What is the final outcome in Harper Lee's novel To Kill a Mockingbird?

Expert Answers

An illustration of the letter 'A' in a speech bubbles

The final outcome of the story is that Scout and Jem now have a much better understanding of the adult world than they did at the start of the book. Back then, they were young and incredibly naive. They still are, to a certain extent, but they've both matured considerably over time, to the extent that they have a much better idea of how the world works and of their place in it.

By the close of the book, Scout and Jem are also finally able to comprehend the value of empathy. This is the lesson that Atticus has been drumming into his children from the get-go. They didn't really understand it at first, but after the encounter with Mrs. Dubose, the trial of Tom Robinson, and, most importantly of all, after the discovery of Boo Radley's true nature, they're now much better able to put themselves into other people's shoes.

Approved by eNotes Editorial Team
An illustration of the letter 'A' in a speech bubbles

The outcome of the novel To Kill a Mockingbird involves Atticus losing the Tom Robinson case, the death of the Bob Ewell, Boo Radley's heroic efforts to save the children, Scout's understanding of Boo Radley, and the completion of her moral development. Harper Lee consolidates several of the themes throughout the novel at the end of To Kill a Mockingbird. Atticus loses his case because of the racist Maycomb jury, and the children witness injustice for the first time in their lives. After the trial, Tom Robinson allegedly dies attempting to escape from prison. Bob Ewell, the antagonist, attempts to kill Jem and Scout when they are walking home from a community Haloween festival. Their reclusive neighbor, Boo Radley, saves the children by fighting off Bob Ewell and stabbing him with his own knife. After Boo saves the children, Scout meets him for the first time in Jem's room, and finally realizes he is a caring, friendly neighbor, who happens to be shy. When Atticus asks Scout if she understands why Sheriff Tate won't tell the community about Boo's heroics, Scout says, "Well, it'd be sort of like shootin' a mockingbird, wouldn't it?" (Lee 370) As Scout walks Boo Radley home, she finally is able to view Maycomb from his perspective. Lee ties together the themes of losing childhood innocence, gaining perspective, the importance of moral development, and understanding why it is wrong to harm innocent people at the end of her novel.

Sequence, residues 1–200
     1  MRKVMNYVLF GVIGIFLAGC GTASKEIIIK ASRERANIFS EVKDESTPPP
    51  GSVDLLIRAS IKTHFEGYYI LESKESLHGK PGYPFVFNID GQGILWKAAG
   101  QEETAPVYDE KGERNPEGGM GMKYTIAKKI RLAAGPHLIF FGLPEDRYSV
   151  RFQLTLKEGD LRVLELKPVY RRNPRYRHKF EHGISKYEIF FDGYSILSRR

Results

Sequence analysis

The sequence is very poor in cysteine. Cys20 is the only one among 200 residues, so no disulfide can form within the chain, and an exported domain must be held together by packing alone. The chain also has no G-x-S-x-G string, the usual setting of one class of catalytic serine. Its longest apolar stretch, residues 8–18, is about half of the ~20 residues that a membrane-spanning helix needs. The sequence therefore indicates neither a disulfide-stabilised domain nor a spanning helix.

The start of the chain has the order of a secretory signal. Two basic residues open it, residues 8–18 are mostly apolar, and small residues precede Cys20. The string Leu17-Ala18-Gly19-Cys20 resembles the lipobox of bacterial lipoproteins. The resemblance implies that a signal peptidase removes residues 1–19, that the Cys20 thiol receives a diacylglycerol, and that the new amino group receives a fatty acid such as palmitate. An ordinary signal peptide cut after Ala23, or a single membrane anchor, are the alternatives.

Approved by eNotes Editorial Team

We’ll help your grades soar

Start your 48-hour free trial and unlock all the summaries, Q&A, and analyses you need to get better grades now.

  • 30,000+ book summaries
  • 20% study tools discount
  • Ad-free content
  • PDF downloads
  • 300,000+ answers
  • 5-star customer support
Start your 48-Hour Free Trial